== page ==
A coating of self-lubricating plastic material is provided on the outer peripheral surface of the sleeve and on the inner end surface of the sleeve. This coating is sufficiently close to the internal surface of the bellows as to be contacted by said convolutions when the contact rod is axially moved during operation of the interrupter, but the lubricating properties of the coating reduce friction between the convolutions and the coating, thereby protecting the bellows against damage from such contact.
FIG. 1 is a sectional view of a vacuum-type circuit interrupter embodying one form of our invention.
FIG. 2 is an enlarged view of a portion of the interrupter of FIG. 1.
Referring now to FIG. 1, there is shown a vacuum-type circuit interrupter comprising a highly-evacuated envelope 10 comprising a tubular casing 12 of electrical insulating material and two end caps 14 and 15 joined to the casing at its opposite ends by suitable seals 16. Located within the envelope are two relatively movable contacts 22 and 24.
Contact 22 is a stationary contact carried by a stationary contact rod 25 that extends in sealed relationship through the upper end cap 14. Contact 24 is a movable contact carried by a movable contact rod 26 that extends freely through an opening in the lower end cap 15.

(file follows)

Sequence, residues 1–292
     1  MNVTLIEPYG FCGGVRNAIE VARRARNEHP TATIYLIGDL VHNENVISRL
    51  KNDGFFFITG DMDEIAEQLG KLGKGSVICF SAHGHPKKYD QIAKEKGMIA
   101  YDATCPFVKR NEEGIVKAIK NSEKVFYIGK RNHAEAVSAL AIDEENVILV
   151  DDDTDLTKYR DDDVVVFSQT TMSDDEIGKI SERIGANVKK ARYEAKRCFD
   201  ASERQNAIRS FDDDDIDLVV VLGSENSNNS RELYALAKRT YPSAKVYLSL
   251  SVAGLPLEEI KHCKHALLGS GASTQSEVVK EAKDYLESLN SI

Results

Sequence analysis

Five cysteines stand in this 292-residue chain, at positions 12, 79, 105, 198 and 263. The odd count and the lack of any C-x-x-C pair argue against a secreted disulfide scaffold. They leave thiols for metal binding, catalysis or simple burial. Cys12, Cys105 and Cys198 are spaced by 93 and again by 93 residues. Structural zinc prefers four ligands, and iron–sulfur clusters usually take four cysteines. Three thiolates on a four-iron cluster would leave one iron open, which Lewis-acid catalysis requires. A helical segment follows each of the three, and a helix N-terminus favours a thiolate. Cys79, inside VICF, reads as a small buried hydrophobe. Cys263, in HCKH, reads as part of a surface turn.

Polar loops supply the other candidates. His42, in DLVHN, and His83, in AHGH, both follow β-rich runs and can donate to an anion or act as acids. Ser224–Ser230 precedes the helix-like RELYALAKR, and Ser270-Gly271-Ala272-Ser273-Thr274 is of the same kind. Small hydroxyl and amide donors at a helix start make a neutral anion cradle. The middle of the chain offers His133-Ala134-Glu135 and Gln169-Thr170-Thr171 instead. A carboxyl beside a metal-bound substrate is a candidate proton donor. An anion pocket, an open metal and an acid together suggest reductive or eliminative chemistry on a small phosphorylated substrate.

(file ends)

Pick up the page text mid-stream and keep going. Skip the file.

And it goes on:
For providing a seal about the movable contact rod 26, a flexible metal bellows 30 is provided. This bellows is of a generally tubular form and surrounds the movable contact rod 26. The upper end of the bellows is joined to the movable contact rod at 32, and the lower end is joined to the lower end cap at 33. The bellows is of a conventional form, comprising a thin metal wall of tubular configuration that contains a plurality of annular convolutions 34 axially spaced along its length.
Opening of the interrupter is effected by driving the movable contact rod 26 downwardly from its closed position of FIG. 1 through a short stroke to separate the contacts. Closing is effected by returning the movable contact rod 26 from its open position upwardly into its position of FIG. 1 to reengage the contacts.
For guiding the movable contact rod 26 during such opening and closing operations, a guide 35 is provided. This guide comprises a tubular metal sleeve 36 surrounding movable contact rod 26 and a radially outwardly extending flange 38 on the lower end of the sleeve fixed to the end cap 15. As shown in FIG. 2, within the sleeve 36 there are two annular bushings 40 and 42 of low-friction material closely surrounding the movable contact rod and forming a slide bearing therefor. A preferred material for bushings 40, 42 is polytetrafluoroethylene, referred to herein as TFE. Such material is available from E. I. DuPont Company under the trademark Teflon.